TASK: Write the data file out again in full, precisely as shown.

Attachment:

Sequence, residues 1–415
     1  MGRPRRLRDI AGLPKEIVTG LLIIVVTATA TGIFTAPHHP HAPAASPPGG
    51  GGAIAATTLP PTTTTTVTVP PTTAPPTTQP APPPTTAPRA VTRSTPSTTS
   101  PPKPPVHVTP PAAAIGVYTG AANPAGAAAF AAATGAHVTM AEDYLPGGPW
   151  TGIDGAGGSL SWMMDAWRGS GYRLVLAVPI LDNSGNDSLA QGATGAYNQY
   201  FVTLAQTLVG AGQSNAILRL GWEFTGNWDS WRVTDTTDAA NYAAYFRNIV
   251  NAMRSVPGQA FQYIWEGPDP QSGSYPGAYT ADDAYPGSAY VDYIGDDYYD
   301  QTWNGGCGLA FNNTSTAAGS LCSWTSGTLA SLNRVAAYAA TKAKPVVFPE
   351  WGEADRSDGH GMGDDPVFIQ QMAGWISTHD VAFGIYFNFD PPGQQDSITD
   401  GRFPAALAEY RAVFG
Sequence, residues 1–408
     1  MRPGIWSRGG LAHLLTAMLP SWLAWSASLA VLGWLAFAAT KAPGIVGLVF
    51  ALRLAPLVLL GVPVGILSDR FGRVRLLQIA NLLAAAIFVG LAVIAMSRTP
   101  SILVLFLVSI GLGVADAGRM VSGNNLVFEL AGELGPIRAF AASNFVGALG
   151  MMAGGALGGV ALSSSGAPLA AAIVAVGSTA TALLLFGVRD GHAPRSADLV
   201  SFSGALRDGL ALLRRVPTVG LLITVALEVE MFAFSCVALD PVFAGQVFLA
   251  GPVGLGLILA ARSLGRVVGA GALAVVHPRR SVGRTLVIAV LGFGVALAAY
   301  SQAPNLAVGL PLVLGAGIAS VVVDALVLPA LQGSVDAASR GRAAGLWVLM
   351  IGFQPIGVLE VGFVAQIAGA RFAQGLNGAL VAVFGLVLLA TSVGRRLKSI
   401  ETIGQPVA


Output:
Sequence, residues 1–415
     1  MGRPRRLRDI AGLPKEIVTG LLIIVVTATA TGIFTAPHHP HAPAASPPGG
    51  GGAIAATTLP PTTTTTVTVP PTTAPPTTQP APPPTTAPRA VTRSTPSTTS
   101  PPKPPVHVTP PAAAIGVYTG AANPAGAAAF AAATGAHVTM AEDYLPGGPW
   151  TGIDGAGGSL SWMMDAWRGS GYRLVLAVPI LDNSGNDSLA QGATGAYNQY
   201  FVTLAQTLVG AGQSNAILRL GWEFTGNWDS WRVTDTTDAA NYAAYFRNIV
   251  NAMRSVPGQA FQYIWEGPDP QSGSYPGAYT ADDAYPGSAY VDYIGDDYYD
   301  QTWNGGCGLA FNNTSTAAGS LCSWTSGTLA SLNRVAAYAA TKAKPVVFPE
   351  WGEADRSDGH GMGDDPVFIQ QMAGWISTHD VAFGIYFNFD PPGQQDSITD
   401  GRFPAALAEY RAVFG
Sequence, residues 1–408
     1  MRPGIWSRGG LAHLLTAMLP SWLAWSASLA VLGWLAFAAT KAPGIVGLVF
    51  ALRLAPLVLL GVPVGILSDR FGRVRLLQIA NLLAAAIFVG LAVIAMSRTP
   101  SILVLFLVSI GLGVADAGRM VSGNNLVFEL AGELGPIRAF AASNFVGALG
   151  MMAGGALGGV ALSSSGAPLA AAIVAVGSTA TALLLFGVRD GHAPRSADLV
   201  SFSGALRDGL ALLRRVPTVG LLITVALEVE MFAFSCVALD PVFAGQVFLA
   251  GPVGLGLILA ARSLGRVVGA GALAVVHPRR SVGRTLVIAV LGFGVALAAY
   301  SQAPNLAVGL PLVLGAGIAS VVVDALVLPA LQGSVDAASR GRAAGLWVLM
   351  IGFQPIGVLE VGFVAQIAGA RFAQGLNGAL VAVFGLVLLA TSVGRRLKSI
   401  ETIGQPVA